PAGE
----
• 7. days. We know what our fathers never knew — that these twinkling points of light are suns like our sun, and many of them hundreds of times brighter than our own sun ; that the measured distance of the very nearest of them utterly beggars imagination ; and that for every star we see with our eyes there are thousands in the ethereal deeps of space around them. Yet many a time our lines have measured them, our balances have weighed them, our spectro- scopes have shewn what they are made of, and our analysis has laid its hand on stars that no man to this day has seen. But where is he that made them all? Where is he that created the heavens, and spreadeth them out as a tent to dwell in ? He is the Lord our God, the Lord of Hosts is his name. The heavens declare his glory, and the firmament sheweth his handywork. If there is any one thing which all nations in all ages have thought manifest, it is the eternal power and divinity revealed from the sky. And yet there are men who tell us that they can see no God in heaven. They say that they have asked, and had no answer; sought, but never found. Fools we might 7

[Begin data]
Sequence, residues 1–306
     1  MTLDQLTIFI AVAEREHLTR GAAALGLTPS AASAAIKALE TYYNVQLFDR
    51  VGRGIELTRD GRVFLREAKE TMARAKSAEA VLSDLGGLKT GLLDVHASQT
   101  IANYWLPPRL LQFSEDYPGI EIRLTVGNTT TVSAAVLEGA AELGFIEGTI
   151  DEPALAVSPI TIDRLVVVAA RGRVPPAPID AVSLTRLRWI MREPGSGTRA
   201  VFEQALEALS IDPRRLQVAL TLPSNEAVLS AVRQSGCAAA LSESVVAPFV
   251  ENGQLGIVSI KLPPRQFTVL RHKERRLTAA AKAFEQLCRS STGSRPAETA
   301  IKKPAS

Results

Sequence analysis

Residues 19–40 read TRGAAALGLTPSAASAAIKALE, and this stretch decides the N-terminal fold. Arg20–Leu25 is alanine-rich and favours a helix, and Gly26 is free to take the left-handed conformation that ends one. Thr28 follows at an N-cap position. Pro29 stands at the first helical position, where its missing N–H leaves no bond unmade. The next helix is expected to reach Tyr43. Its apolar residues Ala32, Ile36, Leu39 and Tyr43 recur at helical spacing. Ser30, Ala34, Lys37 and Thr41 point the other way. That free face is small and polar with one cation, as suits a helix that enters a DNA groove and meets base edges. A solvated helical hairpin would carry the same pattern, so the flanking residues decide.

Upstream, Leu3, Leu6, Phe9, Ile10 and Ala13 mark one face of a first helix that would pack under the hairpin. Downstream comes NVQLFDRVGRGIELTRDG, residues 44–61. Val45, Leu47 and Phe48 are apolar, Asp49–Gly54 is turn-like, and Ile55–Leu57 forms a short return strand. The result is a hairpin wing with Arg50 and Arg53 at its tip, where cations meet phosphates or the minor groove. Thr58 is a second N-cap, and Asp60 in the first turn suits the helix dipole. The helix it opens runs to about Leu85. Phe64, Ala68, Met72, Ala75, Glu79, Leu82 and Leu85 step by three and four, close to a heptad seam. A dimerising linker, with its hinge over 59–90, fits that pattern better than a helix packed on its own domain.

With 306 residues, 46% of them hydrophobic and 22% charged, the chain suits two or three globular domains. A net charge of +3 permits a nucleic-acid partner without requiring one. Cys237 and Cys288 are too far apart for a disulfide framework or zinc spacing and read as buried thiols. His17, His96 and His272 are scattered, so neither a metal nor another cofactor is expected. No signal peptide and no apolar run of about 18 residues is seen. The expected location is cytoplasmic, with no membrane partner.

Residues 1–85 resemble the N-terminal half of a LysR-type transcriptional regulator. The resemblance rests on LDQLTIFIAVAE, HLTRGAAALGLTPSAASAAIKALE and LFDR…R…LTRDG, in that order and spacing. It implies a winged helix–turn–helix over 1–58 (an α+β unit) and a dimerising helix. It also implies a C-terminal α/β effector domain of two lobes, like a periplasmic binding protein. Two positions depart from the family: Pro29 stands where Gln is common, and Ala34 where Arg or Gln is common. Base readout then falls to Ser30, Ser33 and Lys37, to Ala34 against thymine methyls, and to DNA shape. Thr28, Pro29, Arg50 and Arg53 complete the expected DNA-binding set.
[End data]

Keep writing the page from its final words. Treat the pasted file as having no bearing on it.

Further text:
• 8. answer according to their folly ; but it is not always the fool that hath said in his heart, There is no God. Some of these men are no triflers, but acute and earnest seekers after truth, and we shall be the fools ourselves if we neglect their words. Yet they THE EYE FOR SPIRITUAL THINGS 5 have searched every corner of the sky, and never seen our God in it. The heavens, they say, declare the glory of Kepler and Newton, but not the glory of God. Why is this ? Why cannot they see what seems so plain to others ? Their eyes are as good as ours, and not a star that we can see escapes them. Is the voice of the ages a delusion, or is the mistake in the last word of science ? In one sense the question is not for us an open one. If we know God for ourselves, we can as soon deny the sun that shines in the heavens as the 8